Well, my old Alma Mater has done it. The University of Saskatchewan's student newspaper, The Sheaf is now up to its ass in alligators. Why? Did they publish those ol' Muhammad cartoons? No, no no. That's old news. They've done one better and published a wonderfully new offensive cartoon entitled "Capitalist Piglet". The cartoon depicts a pig getting a blow job from Jesus. You can view the cartoon on this person's blog.
So anyway, they published this cartoon in The Sheaf and surprise, surprise, people were offended. The president of the University, Peter MacKinnon, sent an e-mail to everyone in the university saying that the cartoon had little value other than to shock or offend, and suggested that The Sheaf owed an apology to everyone.
Several people have gone one further and demanded that the newspaper be dismantled, that everyone on the Sheaf staff should be made to resign, and then John Gormley parks his ass on CTV news and suggests that the Sheaf owes monetary damages to all of the poor Christians it offended. (My loathing for John Gormley and every idiotic sentence that has ever fallen out of his big mouth knows no bounds.)
Obviously, I don't agree with the people calling for the resignation/termination/suing of the Sheaf staff. I can't believe how stupid people are. FREEDOM OF SPEECH people FREEDOM OF SPEECH. Without the Freedom to offend, Freedom of speech doesn't exist. You know what? I really hate listening to a lot of things out in the world right now. As I've said before, I think John Gormley would be improved 100% with a big fat piece of duct tape over that mouth of his. BUT no matter how much I don't like what I'm hearing, I will defend to the death the right of people to say it. So everyone who was offended by that cartoon, please get a life. You absolutely have the right to write in to the Sheaf and say what a horrible cartoon it was. And Peter MacKinnon absolutely had a right to send that e-mail out to everyone (although I will disrespect him forever now for doing it, the old prude.) But you don't have the right to sue people for it, and you don't have the right to censor people.
However, having said that, let us not forget the context in which the cartoon was published. The Sheaf, not so long ago, published an article explaining why they were not going to publish the Muhammad cartoons. The Sheaf says that republication of the cartoons merely detracts "from the serious and necessary debate that needs to take place around a myriad of issues that this clash uncovers". Fine. But then why publish this cartoon so shortly afterward? A lot of people are calling The Sheaf staff hypocrites, by refusing to publish one set of cartoons offensive to Muslims, and then going ahead and publishing another cartoon offensive to some Christians (and let's admit it, "Capitalist Piglet" is way worse than any of those Muhammad cartoons).
Under fire from all sides, The Sheaf is now saying that the cartoon was not meant to be included and was an editorial oversight. Ummmmmmm... I'm not buying it. Even if they did decide not to publish it at the last minute, the fact that it "accidently" made it into the final cut suggests that they were at least seriously considering it.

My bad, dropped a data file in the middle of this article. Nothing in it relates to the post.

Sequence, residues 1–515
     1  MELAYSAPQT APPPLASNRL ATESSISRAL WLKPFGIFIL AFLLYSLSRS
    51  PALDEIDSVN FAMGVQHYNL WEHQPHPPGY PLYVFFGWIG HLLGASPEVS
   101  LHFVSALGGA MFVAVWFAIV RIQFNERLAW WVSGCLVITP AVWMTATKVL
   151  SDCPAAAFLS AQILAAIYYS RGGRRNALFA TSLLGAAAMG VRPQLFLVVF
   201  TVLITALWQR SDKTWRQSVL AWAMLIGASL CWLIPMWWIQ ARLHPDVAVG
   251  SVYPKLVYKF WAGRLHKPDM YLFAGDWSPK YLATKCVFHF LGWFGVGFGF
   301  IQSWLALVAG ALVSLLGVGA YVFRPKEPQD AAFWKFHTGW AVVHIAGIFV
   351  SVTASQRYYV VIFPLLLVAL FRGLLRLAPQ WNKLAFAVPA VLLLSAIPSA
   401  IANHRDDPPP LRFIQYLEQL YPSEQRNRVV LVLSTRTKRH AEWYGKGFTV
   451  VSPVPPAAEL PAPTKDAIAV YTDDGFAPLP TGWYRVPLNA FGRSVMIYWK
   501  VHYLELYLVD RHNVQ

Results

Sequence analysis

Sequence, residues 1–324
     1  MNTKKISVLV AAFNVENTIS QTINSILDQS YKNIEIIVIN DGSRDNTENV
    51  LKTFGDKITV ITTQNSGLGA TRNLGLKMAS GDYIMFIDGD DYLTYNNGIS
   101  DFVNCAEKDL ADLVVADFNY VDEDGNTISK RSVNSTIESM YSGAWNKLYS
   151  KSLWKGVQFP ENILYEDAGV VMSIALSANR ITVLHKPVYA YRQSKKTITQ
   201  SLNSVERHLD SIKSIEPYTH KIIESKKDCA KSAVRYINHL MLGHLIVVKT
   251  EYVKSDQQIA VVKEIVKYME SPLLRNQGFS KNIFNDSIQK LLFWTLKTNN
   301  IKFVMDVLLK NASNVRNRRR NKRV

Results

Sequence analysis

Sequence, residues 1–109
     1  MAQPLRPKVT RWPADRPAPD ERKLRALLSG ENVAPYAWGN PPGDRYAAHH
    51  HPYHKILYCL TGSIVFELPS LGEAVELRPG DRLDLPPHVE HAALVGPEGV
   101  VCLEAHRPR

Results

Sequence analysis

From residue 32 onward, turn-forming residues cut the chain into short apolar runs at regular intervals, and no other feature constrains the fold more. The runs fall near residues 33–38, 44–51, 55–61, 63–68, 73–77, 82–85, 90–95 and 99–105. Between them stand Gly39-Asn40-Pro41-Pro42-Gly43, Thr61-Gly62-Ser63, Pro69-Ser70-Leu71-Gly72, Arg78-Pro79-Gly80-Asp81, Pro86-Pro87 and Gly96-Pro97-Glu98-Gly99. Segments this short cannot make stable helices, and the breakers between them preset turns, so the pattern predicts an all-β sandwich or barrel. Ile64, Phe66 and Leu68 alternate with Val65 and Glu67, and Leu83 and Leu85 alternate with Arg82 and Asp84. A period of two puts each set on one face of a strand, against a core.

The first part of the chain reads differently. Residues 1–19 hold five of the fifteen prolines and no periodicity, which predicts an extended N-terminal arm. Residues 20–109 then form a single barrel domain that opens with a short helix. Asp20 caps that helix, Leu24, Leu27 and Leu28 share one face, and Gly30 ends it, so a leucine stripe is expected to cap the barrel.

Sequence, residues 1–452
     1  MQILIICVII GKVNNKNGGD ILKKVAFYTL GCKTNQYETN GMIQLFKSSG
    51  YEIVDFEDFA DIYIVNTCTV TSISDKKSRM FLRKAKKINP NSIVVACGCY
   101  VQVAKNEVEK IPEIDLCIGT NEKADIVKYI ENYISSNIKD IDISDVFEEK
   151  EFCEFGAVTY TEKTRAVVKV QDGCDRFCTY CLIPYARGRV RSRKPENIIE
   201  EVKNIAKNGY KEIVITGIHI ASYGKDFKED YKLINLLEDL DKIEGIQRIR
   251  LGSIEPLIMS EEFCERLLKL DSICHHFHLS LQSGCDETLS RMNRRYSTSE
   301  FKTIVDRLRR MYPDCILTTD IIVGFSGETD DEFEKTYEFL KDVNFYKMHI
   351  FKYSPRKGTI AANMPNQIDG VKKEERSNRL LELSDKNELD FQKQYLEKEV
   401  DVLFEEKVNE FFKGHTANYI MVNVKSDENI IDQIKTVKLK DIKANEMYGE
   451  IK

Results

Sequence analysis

Here's what I think happened: The Sheaf decided not to print the Muhammad cartoons. Sure, the reasons they cite have merit, but let's be honest: they were really afraid that if they published them, someone would burn down the Sheaf office, or they'd get their butts kicked by the University Administration. Judging from Peter MacKinnon's reaction to the Capitalist Piglet cartoon, they were probably right about that last one. But, after that, they were feeling a bit ashamed (and damn straight they should be... should've published the Muhammad cartoons you spineless twits) and so said, "Hey look at this cartoon. It's really offensive and gross, but it's about Christians, so we won't get into trouble, but we'll look real macho and controversial." Except that they did get into trouble. Hence the backtracking, profuse apologies, and claims of editorial incompetence.
Another reason that I believe the Sheaf really was just thinking about shock value when they published the cartoon is the absolute lack of context for it. I don't believe that the cartoon is just totally gross with no point. I think it has something to say about Christianity compromising some of their principles to pander to a capitalist society. However, most people can't get past the offensive image to even see the point. That is a poorly thought out cartoon, because what's the point if people don't get it? You should have the right to be offensive, but for goodness sake, use the power wisely.
So although I think the people who are raising such a stink about the cartoon definitely need to relax, I do agree that the Sheaf has conducted itself poorly. 1) You should have been honest about your reasons for not publishing the Muhammad cartoons; 2) The Capitalist Piglet cartoon, while it did contain some authentic social commentary, was published without context or frame of reference, and nobody got the point.
So was it really worth it? Do you feel all rebellious and defiant now?